The FDIC seizure of Washington Mutual’s banking operations has resulted in a myriad of claims in which the bank holding company is seeking to get back as much as $17 billion.
Besides the $4 billion WaMu argued JP Morgan owes it in a hearing last week, it also alleges that the FDIC owes it $6.5 billion in capital contrubtions made to its bank, $4 billion in preferred securities and $3 billion in tax refunds, according to an article in the New York Law Journal.
That article provides highlights and analysis of each of the various pending lawsuits and can be found here. The FDIC and JP Morgan have filed counterclaims.
It is rare for bank holding companies to sue the FDIC after their banks have been seized because the bank’s liabilities are usually greater than its assets, the article notes. Here, however, the agency intervened when the bank was attractive enough to entice a buyer (JP Morgan for $1.9 billion) and Washington Mutual is arguing that it would have been worth more in liquidation.
Attorneys and legal experts were “divided,” the NYLJ said, over Washington Mutual’s chances.
NYLJ: Professor Patricia McCoy, a banking law expert at the University of Connecticut School of Law, was sceptical of many of the holding company’s claims, particularly its argument that the FDIC sold its assets for too little. Even on the open market, Washington Mutual’s toxic securities would have gone for cut-rate prices, she said.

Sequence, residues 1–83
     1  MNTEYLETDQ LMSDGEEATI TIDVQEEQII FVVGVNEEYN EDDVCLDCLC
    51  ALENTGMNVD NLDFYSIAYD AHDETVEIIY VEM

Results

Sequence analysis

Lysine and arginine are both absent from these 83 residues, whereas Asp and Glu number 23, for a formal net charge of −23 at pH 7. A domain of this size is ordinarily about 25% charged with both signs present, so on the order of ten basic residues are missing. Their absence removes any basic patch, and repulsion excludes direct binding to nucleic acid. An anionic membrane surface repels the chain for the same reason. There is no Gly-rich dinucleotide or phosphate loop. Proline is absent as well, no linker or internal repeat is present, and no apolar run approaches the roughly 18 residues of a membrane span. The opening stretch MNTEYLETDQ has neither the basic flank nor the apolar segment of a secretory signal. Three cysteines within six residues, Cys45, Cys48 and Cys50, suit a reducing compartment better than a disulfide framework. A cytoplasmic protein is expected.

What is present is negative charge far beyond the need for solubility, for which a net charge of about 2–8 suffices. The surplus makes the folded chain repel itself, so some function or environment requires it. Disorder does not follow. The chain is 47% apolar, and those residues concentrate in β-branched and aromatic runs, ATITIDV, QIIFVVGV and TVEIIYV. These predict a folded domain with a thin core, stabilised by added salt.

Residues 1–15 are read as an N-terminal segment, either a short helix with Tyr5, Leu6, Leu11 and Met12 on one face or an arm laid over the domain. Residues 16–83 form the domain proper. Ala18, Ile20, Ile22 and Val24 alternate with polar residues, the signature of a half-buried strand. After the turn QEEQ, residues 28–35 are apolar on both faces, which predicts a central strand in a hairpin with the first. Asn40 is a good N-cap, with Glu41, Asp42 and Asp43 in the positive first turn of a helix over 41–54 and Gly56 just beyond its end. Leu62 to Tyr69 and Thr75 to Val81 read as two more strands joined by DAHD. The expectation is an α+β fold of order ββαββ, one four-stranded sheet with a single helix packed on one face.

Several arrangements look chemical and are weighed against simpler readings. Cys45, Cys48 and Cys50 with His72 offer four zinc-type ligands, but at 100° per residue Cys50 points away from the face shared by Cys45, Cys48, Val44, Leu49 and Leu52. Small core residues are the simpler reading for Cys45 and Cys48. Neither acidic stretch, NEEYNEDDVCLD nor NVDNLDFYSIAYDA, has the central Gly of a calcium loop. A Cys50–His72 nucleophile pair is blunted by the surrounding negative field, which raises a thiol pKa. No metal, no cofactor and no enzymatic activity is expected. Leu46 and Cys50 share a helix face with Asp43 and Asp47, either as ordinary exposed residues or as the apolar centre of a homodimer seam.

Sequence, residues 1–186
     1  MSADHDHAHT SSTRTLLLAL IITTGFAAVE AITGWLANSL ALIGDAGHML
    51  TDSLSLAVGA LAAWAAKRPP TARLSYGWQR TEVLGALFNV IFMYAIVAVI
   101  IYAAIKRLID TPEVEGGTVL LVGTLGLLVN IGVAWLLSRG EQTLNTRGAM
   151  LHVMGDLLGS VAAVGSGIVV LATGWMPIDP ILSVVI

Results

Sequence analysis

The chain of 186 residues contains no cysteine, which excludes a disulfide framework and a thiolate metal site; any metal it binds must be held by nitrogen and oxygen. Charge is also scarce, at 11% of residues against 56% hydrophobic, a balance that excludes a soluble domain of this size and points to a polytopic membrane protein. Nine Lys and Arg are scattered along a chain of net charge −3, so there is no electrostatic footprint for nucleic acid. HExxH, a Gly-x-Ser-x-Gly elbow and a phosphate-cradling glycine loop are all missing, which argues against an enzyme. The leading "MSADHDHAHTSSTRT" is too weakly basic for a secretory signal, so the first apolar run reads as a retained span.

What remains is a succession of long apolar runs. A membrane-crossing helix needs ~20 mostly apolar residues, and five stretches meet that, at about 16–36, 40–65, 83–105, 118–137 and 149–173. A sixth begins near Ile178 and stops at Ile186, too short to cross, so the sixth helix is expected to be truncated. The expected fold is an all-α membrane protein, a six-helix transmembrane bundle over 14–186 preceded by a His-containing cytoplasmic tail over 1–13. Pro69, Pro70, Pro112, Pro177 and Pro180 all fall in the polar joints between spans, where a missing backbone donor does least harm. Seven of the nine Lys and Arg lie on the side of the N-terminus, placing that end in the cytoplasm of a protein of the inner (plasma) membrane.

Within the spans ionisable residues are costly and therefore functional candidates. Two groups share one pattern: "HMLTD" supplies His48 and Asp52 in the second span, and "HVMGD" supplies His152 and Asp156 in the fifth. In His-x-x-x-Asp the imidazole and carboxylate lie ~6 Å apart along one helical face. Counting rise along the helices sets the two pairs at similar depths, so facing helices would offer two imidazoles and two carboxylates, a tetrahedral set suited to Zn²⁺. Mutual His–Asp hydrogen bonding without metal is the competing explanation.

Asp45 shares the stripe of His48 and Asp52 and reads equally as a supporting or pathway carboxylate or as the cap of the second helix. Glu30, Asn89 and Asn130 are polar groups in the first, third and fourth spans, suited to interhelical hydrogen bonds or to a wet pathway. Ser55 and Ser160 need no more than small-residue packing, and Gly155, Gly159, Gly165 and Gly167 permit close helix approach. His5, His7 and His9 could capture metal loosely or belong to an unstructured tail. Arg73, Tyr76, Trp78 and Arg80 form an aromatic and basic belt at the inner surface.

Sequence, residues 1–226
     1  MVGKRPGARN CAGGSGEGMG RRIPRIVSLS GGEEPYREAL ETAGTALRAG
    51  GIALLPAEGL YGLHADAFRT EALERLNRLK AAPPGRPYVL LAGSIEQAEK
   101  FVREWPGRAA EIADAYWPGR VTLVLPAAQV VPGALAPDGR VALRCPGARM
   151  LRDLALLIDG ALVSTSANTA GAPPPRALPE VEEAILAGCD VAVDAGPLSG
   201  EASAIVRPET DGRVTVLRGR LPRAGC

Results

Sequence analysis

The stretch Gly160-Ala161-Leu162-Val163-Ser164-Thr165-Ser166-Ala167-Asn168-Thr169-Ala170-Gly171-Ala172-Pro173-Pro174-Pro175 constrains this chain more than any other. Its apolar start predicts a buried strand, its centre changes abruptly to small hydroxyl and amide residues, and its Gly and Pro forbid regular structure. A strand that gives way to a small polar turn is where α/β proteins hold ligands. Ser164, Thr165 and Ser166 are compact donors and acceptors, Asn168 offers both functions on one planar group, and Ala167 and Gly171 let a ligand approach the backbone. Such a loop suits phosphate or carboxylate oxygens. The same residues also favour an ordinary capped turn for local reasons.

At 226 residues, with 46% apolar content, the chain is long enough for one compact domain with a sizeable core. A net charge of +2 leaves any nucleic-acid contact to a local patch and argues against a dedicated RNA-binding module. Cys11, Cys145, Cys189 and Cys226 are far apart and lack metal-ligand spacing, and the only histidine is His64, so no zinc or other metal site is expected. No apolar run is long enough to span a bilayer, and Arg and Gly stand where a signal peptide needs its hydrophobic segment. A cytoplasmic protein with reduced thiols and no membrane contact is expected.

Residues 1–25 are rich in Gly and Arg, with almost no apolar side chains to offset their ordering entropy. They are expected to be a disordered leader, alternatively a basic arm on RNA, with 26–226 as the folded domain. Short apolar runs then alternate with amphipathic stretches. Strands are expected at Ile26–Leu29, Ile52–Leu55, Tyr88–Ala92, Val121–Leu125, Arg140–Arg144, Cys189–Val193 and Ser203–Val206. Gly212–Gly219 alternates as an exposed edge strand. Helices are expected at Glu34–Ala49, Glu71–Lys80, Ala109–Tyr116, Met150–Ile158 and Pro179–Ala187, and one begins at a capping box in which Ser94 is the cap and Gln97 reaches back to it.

“This type of claim we occasionally saw back in the savings-and-loan crisis,” McCoy said. “And the courts almost always dismissed the claim out of hand and said the holding company had no standing to raise it or that the courts didn’t want to go in and second-guess the sales price. The courts just don’t want to get into that.”
But Ronald Glancz, chairman of the financial services group at Washington-based Venable, said he thought some of Washington Mutual’s claims might hold water and would likely come down to the facts of the particular assets. The $4 billion in deposits is one such open question, said Glancz. “The fact is, when a holding company or anybody has a deposit at the bank … I think the ordinary person would say that, no matter what happens to that deposit, it’s my money,” said Glancz.
The outcome of who will get what is up in the air, but what is pure fact is that even when a failing financial institution finds a saviour , the fall-out wind-downs and litigation will last for years. See, off course, the Bank of America acquisition of Merrill Lynch.
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